Here’s a look at FairPrice, a supermarket in Singapore. Supermarkets overseas are interesting because they understand the price level and the actual conditions of ordinary people’s lives in that country. There are many attractions other than just looking for souvenirs. I would like to see the ingredients unique to Singapore and the price of luxury goods.
※This article was written before the virus scandal. This will be updated.
Location and Hours of FairPrice
If you look into the supermarket FairPrice in Singapore, it is the largest chain store in Singapore run by a group company called NTUC. It is not a high-class supermarket like the one in Isetan, but rather a local supermarket for the common people. According to the website, you can buy it online.
HP also has a store-search feature that lets you find FairPrice locations and business hours throughout Singapore.
This is where I visited. It is close to the hotel I stayed at, Park Hotel Alexandra, about a 5 minute walk away.
The neighborhood is an apartment (Housing complex?) street. Here, the first floor of the condominium is a store.
It is open from 7 AM to 11 PM, and is basically open all year round. Then, I would like to enter immediately.
The dried food under the eaves “Demae Iccho” is extremely cheap!
When I went inside, the products were all over. This is under the eaves of the store, but it is not visible from the outside as a partition.
Shopping baskets are the same as supermarkets in Japan. It would be interesting to have a basket with wheels like in Europe.
This eaves is mainly for daily necessities and dried foods. In the noodle corner, Japanese “Demae Iccho” were placed along with Singaporean Tan noodles. It is a little expensive, but still $2.15 (≠ 175 yen), it is much cheaper than buying it in Japan. Is it popular in this country because it was in the mini bar of the hotel?
Calbee potato chips are $1.5. This is a little more expensive than Japan.
Vegetables, fruits, meat, eggs, etc.
I went into the store. The inside of the store is quite small, and the size of the convenience store is as big as growing hair.
Even so, there are plenty of food items such as vegetables. Half of them were vegetables and fruits.
The price is about the same as Japanese supermarkets. However, Chinese food and bok choy are cheap.
Fruit section. Fruits from southern countries stand out. The display method of banana is impressive!
1 bunch of bananas weighing 1.75 kg is $2.99. The price is reasonable. It was written that the country of origin is Philippines.
Meat corner. Chicken really stands out. It is proof that chicken rice is the soul food of Singaporeans.
1 pack of eggs is $2.7. Is this about the same as in Japan? However, in terms of “freshness” there is nothing like Japanese eggs. I don’t think I can eat this raw.
Pocky was unexpectedly cheap!
Next came the sweets section. In Southeast Asia, luxury goods such as sweets and liquor are generally heavily taxed, and are much more expensive than buying them in Japan. While in Singapore I went to a 7-Eleven to buy some Convenience Store Ice Cream and was surprised to find a Haagen-Dazs mini cup at $6.5 (≠ 520 yen).
But surprisingly, Pocky is cheap. The price is $0.85 (≠ 68 yen), so it’s as cheap as a Japanese discount store! The cookies underneath are pretty pricey, so they vary quite a bit.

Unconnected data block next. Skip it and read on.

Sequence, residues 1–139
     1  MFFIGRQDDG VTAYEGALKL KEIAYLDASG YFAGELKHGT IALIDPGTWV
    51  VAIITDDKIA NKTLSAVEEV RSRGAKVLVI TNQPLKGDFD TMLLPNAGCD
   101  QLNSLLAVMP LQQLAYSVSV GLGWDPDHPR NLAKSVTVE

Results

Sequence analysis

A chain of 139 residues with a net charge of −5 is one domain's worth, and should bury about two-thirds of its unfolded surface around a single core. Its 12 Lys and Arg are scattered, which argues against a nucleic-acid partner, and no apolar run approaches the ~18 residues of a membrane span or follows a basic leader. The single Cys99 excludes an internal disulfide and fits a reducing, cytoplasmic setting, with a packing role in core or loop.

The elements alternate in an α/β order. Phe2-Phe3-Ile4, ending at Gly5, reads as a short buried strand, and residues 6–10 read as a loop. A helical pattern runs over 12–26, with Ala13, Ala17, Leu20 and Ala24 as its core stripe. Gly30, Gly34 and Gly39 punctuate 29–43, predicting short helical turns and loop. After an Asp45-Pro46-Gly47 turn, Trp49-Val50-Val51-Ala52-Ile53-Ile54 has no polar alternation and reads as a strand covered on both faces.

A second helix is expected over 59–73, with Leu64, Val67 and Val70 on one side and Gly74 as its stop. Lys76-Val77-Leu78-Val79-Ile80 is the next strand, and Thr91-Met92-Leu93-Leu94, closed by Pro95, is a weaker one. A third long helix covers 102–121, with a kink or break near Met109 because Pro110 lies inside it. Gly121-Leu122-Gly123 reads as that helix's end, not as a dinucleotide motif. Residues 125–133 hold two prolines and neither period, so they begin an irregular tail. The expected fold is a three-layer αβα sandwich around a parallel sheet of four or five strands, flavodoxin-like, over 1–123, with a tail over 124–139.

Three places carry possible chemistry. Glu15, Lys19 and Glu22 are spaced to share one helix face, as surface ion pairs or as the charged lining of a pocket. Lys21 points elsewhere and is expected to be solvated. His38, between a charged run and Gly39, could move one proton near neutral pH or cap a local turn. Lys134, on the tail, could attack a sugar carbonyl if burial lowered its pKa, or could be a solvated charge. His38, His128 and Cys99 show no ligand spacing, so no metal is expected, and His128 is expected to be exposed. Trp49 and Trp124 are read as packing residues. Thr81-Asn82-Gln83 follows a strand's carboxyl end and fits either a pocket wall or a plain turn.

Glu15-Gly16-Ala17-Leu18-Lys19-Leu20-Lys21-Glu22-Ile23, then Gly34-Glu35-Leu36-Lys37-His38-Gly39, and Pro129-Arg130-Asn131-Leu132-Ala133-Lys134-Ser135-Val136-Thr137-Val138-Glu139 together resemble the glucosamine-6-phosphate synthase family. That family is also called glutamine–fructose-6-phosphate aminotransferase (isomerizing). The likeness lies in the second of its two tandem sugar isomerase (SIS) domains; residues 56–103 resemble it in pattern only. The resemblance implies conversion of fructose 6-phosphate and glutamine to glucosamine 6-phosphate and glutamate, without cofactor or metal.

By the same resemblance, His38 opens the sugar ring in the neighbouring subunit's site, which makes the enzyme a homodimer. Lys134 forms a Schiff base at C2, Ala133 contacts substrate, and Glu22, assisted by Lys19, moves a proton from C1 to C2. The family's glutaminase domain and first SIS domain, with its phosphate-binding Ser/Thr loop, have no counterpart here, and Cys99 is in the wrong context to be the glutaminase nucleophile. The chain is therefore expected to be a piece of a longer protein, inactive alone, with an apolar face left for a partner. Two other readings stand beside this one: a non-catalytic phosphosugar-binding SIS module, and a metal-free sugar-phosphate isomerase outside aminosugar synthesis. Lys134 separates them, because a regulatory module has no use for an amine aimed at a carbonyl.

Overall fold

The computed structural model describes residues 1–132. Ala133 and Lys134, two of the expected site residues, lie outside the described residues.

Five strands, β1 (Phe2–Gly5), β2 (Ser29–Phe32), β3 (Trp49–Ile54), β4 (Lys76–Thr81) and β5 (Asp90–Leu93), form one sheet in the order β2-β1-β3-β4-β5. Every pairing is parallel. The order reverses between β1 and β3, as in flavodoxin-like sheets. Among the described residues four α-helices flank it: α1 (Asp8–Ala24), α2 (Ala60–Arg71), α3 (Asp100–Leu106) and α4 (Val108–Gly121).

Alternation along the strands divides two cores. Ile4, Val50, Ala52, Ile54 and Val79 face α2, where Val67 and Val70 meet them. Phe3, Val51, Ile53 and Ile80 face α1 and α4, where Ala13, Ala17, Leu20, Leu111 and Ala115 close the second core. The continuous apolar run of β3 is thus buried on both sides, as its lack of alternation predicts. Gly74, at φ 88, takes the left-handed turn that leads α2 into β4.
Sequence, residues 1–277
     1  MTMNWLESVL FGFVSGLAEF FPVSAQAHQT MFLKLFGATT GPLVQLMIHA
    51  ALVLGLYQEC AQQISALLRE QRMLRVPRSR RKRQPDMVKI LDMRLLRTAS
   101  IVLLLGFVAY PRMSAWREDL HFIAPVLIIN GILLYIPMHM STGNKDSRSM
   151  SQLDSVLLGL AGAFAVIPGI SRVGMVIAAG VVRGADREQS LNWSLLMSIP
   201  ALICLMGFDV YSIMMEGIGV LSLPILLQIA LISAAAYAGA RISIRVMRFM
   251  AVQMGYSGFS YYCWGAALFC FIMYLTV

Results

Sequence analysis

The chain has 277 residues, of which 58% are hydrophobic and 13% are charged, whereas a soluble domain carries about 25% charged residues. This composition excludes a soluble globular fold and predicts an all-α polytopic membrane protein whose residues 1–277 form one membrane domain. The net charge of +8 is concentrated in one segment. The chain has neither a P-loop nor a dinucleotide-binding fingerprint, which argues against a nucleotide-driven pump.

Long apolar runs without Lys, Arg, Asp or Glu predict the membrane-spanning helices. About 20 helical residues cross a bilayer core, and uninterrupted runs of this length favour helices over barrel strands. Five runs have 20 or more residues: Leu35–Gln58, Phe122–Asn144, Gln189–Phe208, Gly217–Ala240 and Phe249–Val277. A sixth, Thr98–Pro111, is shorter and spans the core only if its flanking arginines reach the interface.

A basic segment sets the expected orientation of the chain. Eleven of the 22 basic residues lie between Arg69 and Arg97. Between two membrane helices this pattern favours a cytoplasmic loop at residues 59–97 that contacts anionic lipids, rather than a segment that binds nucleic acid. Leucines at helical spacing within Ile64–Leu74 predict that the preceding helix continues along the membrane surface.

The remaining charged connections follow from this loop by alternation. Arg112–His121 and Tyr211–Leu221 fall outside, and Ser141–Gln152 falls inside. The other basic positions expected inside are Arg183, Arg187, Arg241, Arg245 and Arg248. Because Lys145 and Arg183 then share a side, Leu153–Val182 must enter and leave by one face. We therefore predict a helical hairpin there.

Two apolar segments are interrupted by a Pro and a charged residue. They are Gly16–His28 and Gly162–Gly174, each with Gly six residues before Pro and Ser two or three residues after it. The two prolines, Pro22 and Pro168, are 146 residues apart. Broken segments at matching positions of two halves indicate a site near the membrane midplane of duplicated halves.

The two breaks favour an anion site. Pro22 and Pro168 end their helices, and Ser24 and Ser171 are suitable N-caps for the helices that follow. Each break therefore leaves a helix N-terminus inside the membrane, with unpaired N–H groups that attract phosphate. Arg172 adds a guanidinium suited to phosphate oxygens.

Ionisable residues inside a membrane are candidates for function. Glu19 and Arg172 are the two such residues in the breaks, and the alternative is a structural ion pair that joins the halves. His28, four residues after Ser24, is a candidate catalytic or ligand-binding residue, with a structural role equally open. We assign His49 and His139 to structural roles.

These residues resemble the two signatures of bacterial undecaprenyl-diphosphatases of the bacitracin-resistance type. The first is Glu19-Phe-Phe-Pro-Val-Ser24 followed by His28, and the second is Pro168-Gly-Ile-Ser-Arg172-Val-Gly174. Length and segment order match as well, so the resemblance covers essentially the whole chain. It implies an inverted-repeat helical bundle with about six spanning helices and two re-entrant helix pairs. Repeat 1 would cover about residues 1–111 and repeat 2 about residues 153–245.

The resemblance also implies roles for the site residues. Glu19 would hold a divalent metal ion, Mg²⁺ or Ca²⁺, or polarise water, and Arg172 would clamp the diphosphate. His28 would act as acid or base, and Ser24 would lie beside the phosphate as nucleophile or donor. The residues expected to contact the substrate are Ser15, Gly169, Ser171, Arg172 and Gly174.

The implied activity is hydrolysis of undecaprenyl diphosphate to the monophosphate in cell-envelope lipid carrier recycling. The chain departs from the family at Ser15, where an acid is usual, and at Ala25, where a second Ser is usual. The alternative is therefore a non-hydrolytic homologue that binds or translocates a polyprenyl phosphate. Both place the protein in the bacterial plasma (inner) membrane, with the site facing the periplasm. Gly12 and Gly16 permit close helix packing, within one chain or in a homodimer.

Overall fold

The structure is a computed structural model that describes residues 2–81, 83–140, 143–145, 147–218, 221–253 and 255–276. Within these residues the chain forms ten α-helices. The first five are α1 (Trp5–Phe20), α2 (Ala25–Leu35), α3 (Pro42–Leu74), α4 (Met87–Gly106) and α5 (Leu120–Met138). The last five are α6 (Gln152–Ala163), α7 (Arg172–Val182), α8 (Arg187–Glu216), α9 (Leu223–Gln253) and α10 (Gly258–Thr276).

Ferrero’s chocolate is not so expensive.
However, the alcohol level is outstanding. Our local beer “Tiger beer” is 350 ml x 6 for ¥15.9 (≠ 1,280 yen), so one bottle is ¥213. The “Heineken” is even more expensive, and it’s nowhere near as good as Europe, where you can buy it for just a few dozen yen.
The liquor tax on beer is about 1.5 times higher than in Japan, but it is still better. When it comes to wine, it is 10 times higher than in Japan, so you should refrain from drinking in this country.
FairPrice original water is not delicious.
Next is the drink corner. “100 PLUS” is a sports drink familiar to people in Malaysia. There are carbonated one and non-gas one, and the sweetness is moderate. I think it was a little cheaper in Malaysia, but here it costs $2.15.
Use less water. We don’t have Evian, which is a familiar brand overseas, and all of them are brand items that I have never seen before.
I bought and drank this FairPrice original brand water this time, but it was not very tasty …。, and the taste was bad and my mouth felt dry even though it was water. The welcome drink at the hotel is much better. I don’t recommend this.
FairPrice payment system
As for the payment method at FairPrice, it is no different from Japanese supermarkets, and you just take the product to the cashier.
However, as for the way to line up, I think it depends on the restaurant. This store is a small store, so it was like shopping at a convenience store.
The breakthrough was the automatic cash payment system. When the cashier finishes scanning the item, the price is displayed on the screen and all you have to do is insert the money into the machine.
You can use up to ¢5 coins for cash, so it’s a great way to get rid of wasted change. The top also supports $100 bills, so if someone grabbed a large bill for exchange, you can break it without being stared at. Credit cards are also available (Non-JCB).
This kind of automatic payment system has recently been seen in Japan by AEON, etc., and I feel that it has advantages not only for shops but also for customers.
Also, they will put the purchased items in a shopping bag. This service has taken root in relatively every country in Asia.
So I went shopping at Super FairPrice in Singapore. This shop is located in a corner of the apartment district, so it was about this size, but if you go to a bigger shop, there would be a wide variety of goods, and I think you can also look for various souvenirs.
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